3 [Van Leeuwen 2013] Frimmel received this information from Alexander Czołowski, director of the archives in Lemberg (Lviv), who referred to ‘Lisowski kozaks’ or ‘Lisowczycy’, named after the Polish-Lithuanian commander Aleksander Józef Lisowski (c. 1580-1616).
4 [Gerson 1942/1983] Drost 1938, p. 140; Von Frimmel 1908, p. 98.[Van Leeuwen 2013] Jo or Jan de Pooten can probably be identified as the Flemish painter Hendrick De Pooter II, by whom we have some genre paintings in the style of David Teniers. The H in the signature can be read as J, JO or JH in ligature, for instance on the Dancing Peasants in the Omsk Regional M.A. Vrubel Museum, which was studied and photographed by Bernard Vermet (RKDimages 236156, second image). The painting in Lemberg (Lviv) that Frimmel described in 1908, being a harbor scene with figures, must be a work similar to the one illustrated here. Marijke de Kinkelder (RKD) attributed the painting to Jan De Pooten in 1984. It is here given to Hendrick De Pooter II. Two paintings of Jan de Pooten / Hendrick De Pooter II in the Lviv National Art Gallery were taken by the German's administration from the museum during the Second World War in 1943. Their whereabouts today is unknown (communication Svitlana Stets, Lviv National Art Gallery).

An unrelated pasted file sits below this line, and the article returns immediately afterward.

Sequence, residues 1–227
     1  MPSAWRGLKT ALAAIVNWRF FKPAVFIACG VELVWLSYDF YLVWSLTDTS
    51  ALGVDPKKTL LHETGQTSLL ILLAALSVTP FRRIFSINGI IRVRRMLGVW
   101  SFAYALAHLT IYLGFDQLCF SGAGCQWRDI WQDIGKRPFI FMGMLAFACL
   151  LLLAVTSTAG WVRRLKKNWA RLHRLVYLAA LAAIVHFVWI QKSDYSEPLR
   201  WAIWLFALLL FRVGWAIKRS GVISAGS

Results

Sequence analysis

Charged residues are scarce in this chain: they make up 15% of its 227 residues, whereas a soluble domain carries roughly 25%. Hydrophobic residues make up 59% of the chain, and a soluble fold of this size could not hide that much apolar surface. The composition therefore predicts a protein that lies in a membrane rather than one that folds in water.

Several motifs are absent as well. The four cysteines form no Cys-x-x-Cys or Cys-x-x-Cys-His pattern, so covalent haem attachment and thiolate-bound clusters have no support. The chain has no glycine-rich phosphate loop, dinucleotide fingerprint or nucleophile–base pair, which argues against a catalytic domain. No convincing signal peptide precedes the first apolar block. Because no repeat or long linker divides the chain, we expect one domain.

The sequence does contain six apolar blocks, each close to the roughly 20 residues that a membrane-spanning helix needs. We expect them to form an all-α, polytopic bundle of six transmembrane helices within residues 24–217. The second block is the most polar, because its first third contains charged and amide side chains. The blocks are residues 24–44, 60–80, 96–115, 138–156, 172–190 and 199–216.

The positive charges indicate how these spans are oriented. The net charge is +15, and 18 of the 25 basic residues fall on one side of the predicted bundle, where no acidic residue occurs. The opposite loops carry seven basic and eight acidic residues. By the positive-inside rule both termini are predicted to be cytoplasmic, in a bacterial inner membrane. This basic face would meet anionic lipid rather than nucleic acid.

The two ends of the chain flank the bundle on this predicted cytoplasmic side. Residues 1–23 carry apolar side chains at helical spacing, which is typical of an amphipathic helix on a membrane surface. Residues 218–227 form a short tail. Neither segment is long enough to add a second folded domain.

5 [Van Leeuwen 2013] Today in the Muzeum Narodowe w Gdańsku as attributed to Helmich van Tweenhuysen II.
6 [Van Leeuwen 2013] The work has been missing since 1945. No images are known (email J. Tylicki to S. Erkens, 3 April 2013).
7 [Gerson 1942/1983] Drost 1938, p. 140.
8 [Gerson 1942/1983] Drost 1938, p. 140.
9 [Van Leeuwen 2013] Von Holst 1934, p. 62, where the work is mentioned as a drawing and the collector as a certain V[on] Holmstädt. Von Holst based himself on a copy of the original sale catalogue, which he consulted either in the Municipal Archives or the Municipal Library of Danzig.
10 [Gerson 1942/1983] Von Holst 1934, p. 62. [Van Leeuwen 2013] Gerson calls it ‘ein Gemälde des “Blutigen Rockes”’: this must be the scene of Joseph's Blood-Stained Coat is Brought and Shown to Jacob (Genesis 37: 32-35). Sander Erkens identified this work as a painting last seen in 1906 and now attributed to Jan Victors (see Sumowski 1983-1994, vol. 4, p. 2600, under no. 1739). For more information on the Pott collection, see Sander Erkens’ article below. Rembrandt's Polish Rider is not mentioned by Gerson, see Rieke van Leeuwen's article on Gerson's chapter on Poland above.